“Some of that, of course, is in uniform, and some of our training is done in a vehicle,” Cooper said. “So he has to learn to use the equipment, he has to learn to write the reports, use the technology that we have.
If (Premier Brad Wall) would have just announced, ‘Get used to seeing Mr. Hickie in a uniform, he’s going to be doing some training’ and been open with the public, we wouldn’t have raised it in probably quite the same way. John Nilson
“So yes, he would be from time to time visible in the community with a training officer.”
The chief indicated that Hickie would not be assigned to any visible patrol function or a position where he might potentially be in the spotlight in the community if he intends to return as an MLA.
“I don’t think we’ve had any potential for conflict at this point,” Cooper said. “Darryl is a police officer first and foremost, and when he’s on a term, when he’s serving his term as an MLA, he has those duties separated and apart.
“I think he’s very sensitive to the fact that while he’s here, he’s doing police work. The police positions he will be assigned to would be positions, as I mentioned, where there would be no conflict, where’d he be doing more administrative duties.”
Whether or not the Prince Albert Carlton MLA chooses to return to the police force on a more permanent basis, Cooper noted, is a personal and political decision for Hickie to make.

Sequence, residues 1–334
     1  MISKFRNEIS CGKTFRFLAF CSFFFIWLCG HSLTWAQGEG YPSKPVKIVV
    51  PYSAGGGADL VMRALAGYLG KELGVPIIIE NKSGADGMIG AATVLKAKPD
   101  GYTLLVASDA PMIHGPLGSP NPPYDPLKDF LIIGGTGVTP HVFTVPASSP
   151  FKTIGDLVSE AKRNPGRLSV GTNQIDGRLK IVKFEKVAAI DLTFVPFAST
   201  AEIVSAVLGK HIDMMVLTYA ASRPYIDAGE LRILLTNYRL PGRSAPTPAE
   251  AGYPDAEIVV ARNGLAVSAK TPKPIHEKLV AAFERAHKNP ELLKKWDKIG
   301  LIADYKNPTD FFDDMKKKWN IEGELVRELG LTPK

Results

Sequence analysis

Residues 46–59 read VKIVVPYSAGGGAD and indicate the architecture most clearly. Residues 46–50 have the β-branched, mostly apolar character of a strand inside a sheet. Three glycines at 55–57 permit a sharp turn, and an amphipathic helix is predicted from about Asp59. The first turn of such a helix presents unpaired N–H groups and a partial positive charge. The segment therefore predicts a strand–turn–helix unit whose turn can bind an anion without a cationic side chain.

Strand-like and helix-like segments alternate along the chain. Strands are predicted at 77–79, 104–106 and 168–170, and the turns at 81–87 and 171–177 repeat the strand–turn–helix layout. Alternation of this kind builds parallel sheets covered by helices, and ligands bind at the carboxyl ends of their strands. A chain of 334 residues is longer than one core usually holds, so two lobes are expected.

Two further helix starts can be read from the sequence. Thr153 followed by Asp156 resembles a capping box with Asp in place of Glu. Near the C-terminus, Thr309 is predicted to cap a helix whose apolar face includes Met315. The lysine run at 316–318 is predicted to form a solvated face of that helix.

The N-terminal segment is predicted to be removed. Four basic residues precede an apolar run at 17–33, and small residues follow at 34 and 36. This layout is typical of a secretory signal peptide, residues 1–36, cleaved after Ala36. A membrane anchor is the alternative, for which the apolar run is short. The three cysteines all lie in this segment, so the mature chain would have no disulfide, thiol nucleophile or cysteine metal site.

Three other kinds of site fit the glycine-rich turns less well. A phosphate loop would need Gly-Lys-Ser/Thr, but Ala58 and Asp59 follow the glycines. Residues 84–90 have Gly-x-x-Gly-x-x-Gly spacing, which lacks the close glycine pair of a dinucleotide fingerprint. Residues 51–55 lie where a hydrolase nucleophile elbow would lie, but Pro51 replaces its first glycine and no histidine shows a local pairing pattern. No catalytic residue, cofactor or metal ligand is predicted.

Should Hickie step down as an MLA, his seat would remain vacant until a by-election could be held to determine his replacement.
The premier’s statement and Cooper’s clarification of Hickie’s current status with the police did not mollify NDP criticisms regarding a lack of transparency on the government’s part.
“This is something where the premier says he knew about it, and obviously it confirms my first point before, which is (Wall) has a sense of entitlement that he can just do things without telling the public,” Nilson said.
“This was something that he should have told everybody, but especially the people in Prince Albert, because it affects their representation from their MLA in Prince Albert.”
Putting the dispute over Hickie into a wider context, Nilson said it reflected a wider neglect of Prince Albert by the government.
Specifically, he pointed to the continued lack of representation for Prince Albert in Wall’s new cabinet and the pervasive issue of a second bridge -- particularly following a recent announcement that the provincial government would be contributing $50 million to two new bridge projects in Saskatoon.
Criticizing the lack of transparency surrounding Hickie’s police training, Nilson laid the blame solely at Wall’s feet.
“I think this one needs to be pinned right on the premier,” he said. “I mean, the premier knew about this. He had the opportunity to be open with the residents of Prince Albert and he chose to kind of hide it away.
“If he would have just announced, ‘Get used to seeing Mr. Hickie in a uniform, he’s going to be doing some training’ and been open with the public, we wouldn’t have raised it in probably quite the same way. But we raised it -- and (then) they come out of hiding and tell us what’s actually going on.”